A party to an appeal may be represented in any matter related to the appeal. Parties may designate a representative, revoke such a designation, and change such a designation in a signed submission, submitted as a pleading.
A party may choose any representative as long as that person is willing and available to serve. The other party or parties may challenge the designation, however, on the ground that it involves a conflict of interest or a conflict of position. Any party who challenges the designation must do so by filing a motion with the judge within 15 days after the date of service of the notice of designation. The judge will rule on the motion before considering the merits of the appeal. These procedures apply equally to each designation of representative, regardless of whether the representative was the first one designated by a party or a subsequently designated representative. If a representative is disqualified, the judge will give the party whose representative was disqualified a reasonable time to obtain another one.
The judge, on his or her own motion, may disqualify a party's representative on the grounds described in paragraph (b) of this section.
A judge may exclude a party, a representative, or other person from all or any portion of the proceeding before him or her for contumacious misconduct or conduct that is prejudicial to the administration of justice.
When a judge determines that a person should be excluded from participation in a proceeding, the judge shall inform the person of this determination through issuance of an order to show cause why he or she should not be excluded. The show cause order shall be delivered to the person by the most expeditious means of delivery available, including issuance of an oral order on the record where the determination to exclude the person is made during a hearing. The person must respond to the judge's show cause order within three days (excluding Saturdays, Sundays, and Federal holidays) of receipt of the order, unless the judge provides a different time limit, or forfeit the right to seek certification of a subsequent exclusion order as an interlocutory appeal to the Board under paragraph (d)(3) of this section.
When, after consideration of the person's response to the show cause order, or in the absence of a response to the show cause order, the judge determines that the person should be excluded from participation in the proceeding, the judge shall issue an order that documents the reasons for the exclusion. The person may obtain review of the judge's ruling by filing, within three days (excluding Saturdays, Sundays, and Federal holidays) of receipt of the ruling, a motion that the ruling be certified to the Board as an interlocutory appeal. The judge shall certify an interlocutory appeal to the Board within one day (excluding Saturdays, Sundays, and Federal holidays) of receipt of such a motion. Only the provisions of this paragraph apply to interlocutory appeals of rulings excluding a person from a proceeding; the provisions of §§ 1201.91 through 1201.93 of this part shall not apply.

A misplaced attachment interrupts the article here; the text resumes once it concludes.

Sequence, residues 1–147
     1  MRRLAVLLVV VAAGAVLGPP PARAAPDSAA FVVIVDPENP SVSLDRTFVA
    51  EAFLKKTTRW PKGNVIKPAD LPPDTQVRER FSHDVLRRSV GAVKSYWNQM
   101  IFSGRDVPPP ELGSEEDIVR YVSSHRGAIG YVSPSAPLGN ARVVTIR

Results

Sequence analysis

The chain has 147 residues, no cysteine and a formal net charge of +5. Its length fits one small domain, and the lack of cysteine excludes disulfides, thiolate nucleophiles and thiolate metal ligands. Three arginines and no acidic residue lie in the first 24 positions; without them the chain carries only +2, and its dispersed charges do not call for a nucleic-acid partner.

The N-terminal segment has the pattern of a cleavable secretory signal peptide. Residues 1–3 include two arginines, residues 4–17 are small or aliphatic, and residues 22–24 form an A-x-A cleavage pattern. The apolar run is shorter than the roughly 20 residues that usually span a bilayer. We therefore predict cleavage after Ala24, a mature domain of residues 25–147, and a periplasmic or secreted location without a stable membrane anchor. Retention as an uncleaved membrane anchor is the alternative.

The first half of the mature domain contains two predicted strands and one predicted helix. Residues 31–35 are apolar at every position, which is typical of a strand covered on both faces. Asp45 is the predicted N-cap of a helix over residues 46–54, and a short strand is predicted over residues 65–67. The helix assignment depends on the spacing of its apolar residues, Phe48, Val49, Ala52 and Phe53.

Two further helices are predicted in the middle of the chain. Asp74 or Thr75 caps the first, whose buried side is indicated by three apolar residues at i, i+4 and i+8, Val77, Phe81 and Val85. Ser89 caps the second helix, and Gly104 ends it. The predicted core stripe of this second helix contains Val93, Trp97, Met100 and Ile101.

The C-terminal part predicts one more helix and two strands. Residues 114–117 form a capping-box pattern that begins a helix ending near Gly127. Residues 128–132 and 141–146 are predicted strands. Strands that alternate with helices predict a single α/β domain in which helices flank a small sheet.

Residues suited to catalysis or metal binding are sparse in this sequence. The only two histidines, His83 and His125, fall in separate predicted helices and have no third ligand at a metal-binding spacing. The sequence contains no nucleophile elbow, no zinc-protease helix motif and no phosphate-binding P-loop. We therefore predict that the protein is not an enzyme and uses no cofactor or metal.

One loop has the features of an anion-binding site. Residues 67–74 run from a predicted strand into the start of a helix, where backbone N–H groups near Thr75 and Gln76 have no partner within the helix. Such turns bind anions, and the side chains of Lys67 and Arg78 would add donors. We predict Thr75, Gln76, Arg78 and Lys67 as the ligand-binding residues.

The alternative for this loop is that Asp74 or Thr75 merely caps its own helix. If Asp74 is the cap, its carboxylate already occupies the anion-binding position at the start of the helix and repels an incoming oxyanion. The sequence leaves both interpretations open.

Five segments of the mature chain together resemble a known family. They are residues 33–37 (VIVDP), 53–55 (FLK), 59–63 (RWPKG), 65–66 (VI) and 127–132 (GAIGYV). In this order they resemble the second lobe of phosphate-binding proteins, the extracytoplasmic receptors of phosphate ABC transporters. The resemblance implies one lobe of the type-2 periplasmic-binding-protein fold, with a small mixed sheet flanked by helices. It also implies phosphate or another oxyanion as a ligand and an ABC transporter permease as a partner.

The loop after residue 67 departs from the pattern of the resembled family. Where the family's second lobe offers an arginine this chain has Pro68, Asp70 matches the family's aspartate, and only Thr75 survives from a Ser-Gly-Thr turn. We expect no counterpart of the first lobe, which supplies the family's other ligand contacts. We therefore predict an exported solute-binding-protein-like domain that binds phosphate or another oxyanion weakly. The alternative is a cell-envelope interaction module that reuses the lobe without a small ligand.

A proceeding will not be delayed because the judge excludes a person from the proceeding, except that:
Where the judge excludes a party's representative, the judge will give the party a reasonable time to obtain another representative; and
Where the judge certifies an interlocutory appeal of an exclusion ruling to the Board, the judge or the Board may stay the proceeding sua sponte or on the motion of a party for a stay of the proceeding.
The Board, when considering a petition for review of a judge's initial decision under subpart C of this part, will not be bound by any decision of the judge to exclude a person from the proceeding below.
[54 FR 53504, Dec. 29, 1989, as amended at 62 FR 62689, Nov. 25, 1997; 62 FR 66815, Dec. 22, 1997; 63 FR 35500, June 30, 1998; 65 FR 5409, Feb. 4, 2000; 68 FR 59862, Oct. 20, 2003; 69 FR 57630, Sept. 27, 2004]